Roots: The Thing From Another World, Aliens vs Predator.
Intertextuality: Lord Barset's grandfather's expedition and encounter with Silurians formed the plot of the AudioVisuals story Endurance.
Dialogue Disasters: "I'm going to put my money where my mouth is and go straight to the top"
"Wait a minute - what are you doing? You're bombarding us from space!" (thanks for the exposition!)
Double Entendres: "[I'm] putting my bare-faced cheek into a lion's mouth"
Fluffs: McCoy calls the Antarctic the "Antartic" (has America won the language war by 2012?)
Continuity: Lord Barset's grandfather's ship The Rochester sank without trace in the Antarctic in 1929. Only one crewmember survived, taking with him a diary; when found he was half frozen to death and maddened with fear. In the diary the elder Barset describes encountering 'lizard-men', intelligent bipedal reptiles with technology superior to theirs (see: Intertextuality), now coveted by the modern Lord Barset). The remains of Barset's doomed mission are never found; the ice caverns found here are greatly removed from the original expedition's map references.
Thawed out, the Ice Warriors' prison chamber resembles the inside of an iron cathedral. It contains a communication room, while the prison has its own reactor. There are twenty Ice Warriors of both traditional builds - war criminals, imprisoned here along with their commander the rebel Ice Lord Arakssor and his rival and gaoler Geldar. They have been asleep for several million years as part of a life sentence; the punishment for escape is death.
Using sonic vibrations Arakssor intends to change the molecular structure of the Earth's greenhouse gases evaporate the heat out of Earth's atmosphere until the temperature eventually reaches minus 32 degrees Celsius.
Arakssor conducts a scan of Mars and deduces that the time of exodus has passed and there is no life on his home planet. The 'modern' Ice Warriors out in space know of Arakssor and his life sentence even after 'millions of years', which may suggest (as popularly assumed) that Martians live long lives, and/or that his name is a matter of historic record. Martian ships have hyperdrive. The wave form of Arakssor's distress signal contains characteristics common to all Martian technology.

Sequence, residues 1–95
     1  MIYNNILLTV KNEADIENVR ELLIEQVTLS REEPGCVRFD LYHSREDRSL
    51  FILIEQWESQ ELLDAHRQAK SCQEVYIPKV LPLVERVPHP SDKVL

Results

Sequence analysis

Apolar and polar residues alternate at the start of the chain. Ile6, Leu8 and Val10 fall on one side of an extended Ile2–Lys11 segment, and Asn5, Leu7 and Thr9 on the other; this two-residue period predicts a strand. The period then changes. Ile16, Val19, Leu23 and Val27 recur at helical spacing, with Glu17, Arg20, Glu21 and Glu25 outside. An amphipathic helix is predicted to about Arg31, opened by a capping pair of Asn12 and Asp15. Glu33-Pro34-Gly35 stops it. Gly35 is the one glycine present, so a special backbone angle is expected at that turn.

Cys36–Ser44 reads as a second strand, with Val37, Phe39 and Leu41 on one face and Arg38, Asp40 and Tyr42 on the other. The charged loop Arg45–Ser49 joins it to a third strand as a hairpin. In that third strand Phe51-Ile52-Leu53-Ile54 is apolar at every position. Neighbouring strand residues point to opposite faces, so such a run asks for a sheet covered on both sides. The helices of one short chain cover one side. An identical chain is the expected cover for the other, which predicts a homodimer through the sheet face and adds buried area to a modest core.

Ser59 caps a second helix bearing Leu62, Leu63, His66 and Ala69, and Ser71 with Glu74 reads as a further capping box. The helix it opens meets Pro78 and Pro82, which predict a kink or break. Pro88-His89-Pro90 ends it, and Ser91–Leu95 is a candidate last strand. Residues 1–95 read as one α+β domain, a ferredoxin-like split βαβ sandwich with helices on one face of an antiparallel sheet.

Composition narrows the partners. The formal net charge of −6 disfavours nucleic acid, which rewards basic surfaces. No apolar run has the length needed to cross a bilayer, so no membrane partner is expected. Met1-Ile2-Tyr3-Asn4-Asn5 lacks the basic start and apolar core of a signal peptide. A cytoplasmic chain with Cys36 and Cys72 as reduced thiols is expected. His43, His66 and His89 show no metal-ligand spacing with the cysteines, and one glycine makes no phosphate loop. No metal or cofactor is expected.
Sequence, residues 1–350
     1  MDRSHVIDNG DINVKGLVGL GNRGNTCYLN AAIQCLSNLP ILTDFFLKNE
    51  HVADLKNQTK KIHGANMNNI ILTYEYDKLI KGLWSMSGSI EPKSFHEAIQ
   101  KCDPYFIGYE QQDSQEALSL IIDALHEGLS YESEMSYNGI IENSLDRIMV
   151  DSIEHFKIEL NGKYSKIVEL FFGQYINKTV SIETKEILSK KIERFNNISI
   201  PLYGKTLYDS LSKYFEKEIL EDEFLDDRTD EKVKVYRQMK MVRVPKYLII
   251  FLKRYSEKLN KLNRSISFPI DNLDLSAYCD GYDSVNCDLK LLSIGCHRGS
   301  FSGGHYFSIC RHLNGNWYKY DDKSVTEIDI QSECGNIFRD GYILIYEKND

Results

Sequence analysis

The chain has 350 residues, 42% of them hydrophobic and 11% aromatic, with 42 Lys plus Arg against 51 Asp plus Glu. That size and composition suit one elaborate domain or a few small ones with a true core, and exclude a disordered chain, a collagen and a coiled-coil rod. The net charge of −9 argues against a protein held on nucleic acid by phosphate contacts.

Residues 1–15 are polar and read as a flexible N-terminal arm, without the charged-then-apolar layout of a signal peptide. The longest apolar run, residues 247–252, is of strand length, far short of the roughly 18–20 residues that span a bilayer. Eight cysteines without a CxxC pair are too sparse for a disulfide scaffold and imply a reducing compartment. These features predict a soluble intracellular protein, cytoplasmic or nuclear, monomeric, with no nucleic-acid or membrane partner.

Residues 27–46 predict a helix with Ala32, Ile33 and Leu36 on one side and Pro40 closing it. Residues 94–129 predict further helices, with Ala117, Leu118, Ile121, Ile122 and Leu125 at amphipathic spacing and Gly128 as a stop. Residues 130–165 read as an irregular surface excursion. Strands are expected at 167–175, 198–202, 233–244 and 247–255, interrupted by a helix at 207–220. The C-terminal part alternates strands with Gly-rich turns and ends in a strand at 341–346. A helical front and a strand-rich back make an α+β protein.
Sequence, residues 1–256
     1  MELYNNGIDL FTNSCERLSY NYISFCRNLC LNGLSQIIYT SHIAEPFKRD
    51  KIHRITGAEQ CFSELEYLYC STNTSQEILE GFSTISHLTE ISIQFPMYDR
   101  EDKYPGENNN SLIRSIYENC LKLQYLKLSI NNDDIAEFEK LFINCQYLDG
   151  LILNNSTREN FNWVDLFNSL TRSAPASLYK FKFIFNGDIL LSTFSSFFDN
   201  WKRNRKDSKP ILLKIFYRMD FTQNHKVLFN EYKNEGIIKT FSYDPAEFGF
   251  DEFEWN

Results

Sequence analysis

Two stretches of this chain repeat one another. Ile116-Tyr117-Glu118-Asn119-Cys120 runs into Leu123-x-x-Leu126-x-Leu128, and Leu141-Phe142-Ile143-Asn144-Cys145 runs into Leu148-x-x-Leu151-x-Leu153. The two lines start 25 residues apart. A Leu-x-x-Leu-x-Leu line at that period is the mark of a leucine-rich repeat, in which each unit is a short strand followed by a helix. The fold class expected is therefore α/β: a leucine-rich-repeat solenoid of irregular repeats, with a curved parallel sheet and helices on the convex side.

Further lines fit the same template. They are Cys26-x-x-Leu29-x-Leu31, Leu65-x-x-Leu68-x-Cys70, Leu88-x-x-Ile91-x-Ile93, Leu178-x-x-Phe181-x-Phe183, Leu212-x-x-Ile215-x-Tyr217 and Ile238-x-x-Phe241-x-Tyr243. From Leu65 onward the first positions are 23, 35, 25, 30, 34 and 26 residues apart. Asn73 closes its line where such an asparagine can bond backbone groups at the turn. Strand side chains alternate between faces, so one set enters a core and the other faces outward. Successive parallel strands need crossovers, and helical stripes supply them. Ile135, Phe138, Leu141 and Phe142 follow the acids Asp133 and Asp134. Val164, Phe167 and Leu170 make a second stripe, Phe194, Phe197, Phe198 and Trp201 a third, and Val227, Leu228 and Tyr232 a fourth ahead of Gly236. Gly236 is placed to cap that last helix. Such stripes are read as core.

The Doctor's clothes have rotted during his time under the ice (he later changes into some spare clothes from the team.) He doesn't suffer from the cold as humans do, and puts himself into a coma to survive the freezing cold (although a few million years at below zero would still seem to be stretching it somewhat.) The Doctor is sure he must have flown a helicopter before, but he can't quite remember when (see: Links). Memorising the Martian distress signal he connects with the TARDIS telepathic circuits to triangulate a position in space. His age is now pretty much indeterminate (the TARDIS doesn't appear to have suffered from millions of years' isolation).
Untelevised Adventures: Prior to his own experience of several million years on ice, the Doctor appears to have been assisting Geldar during Arakssor's attempted escape. There is the implication that Genevieve may have stayed with the Doctor for some time after the story and travelled with him.
Links: The Ice Warriors, Fear Her (the 2012 London Olympics), The Seeds of Death (the proximity of spacefaring Ice Warriors, heat lamps as a weapon). The Doctor last flew a helicopter in Blue Forgotten Planet; he names his previous companions; Mel, Ace and Hex.
Location: The Antarctic, 2012.
The Bottom Line: "These creatures are a different story altogether"
Ice pack as filler. Nick Briggs ticks off another alien monster in his vocals CV, but the story itself is a rather pedestrian rehash of The Ice Warriors, enlivened by links to a continuity-stretching Audio Visuals play almost as old as the previous expedition itself. The Doctor's cheery dichotomy of 'rich and stupid' versus 'poor and clever' is nevertheless often borne out by the series, and once he's thawed out, Sylvester McCoy's performance is the highlight and strength of the story.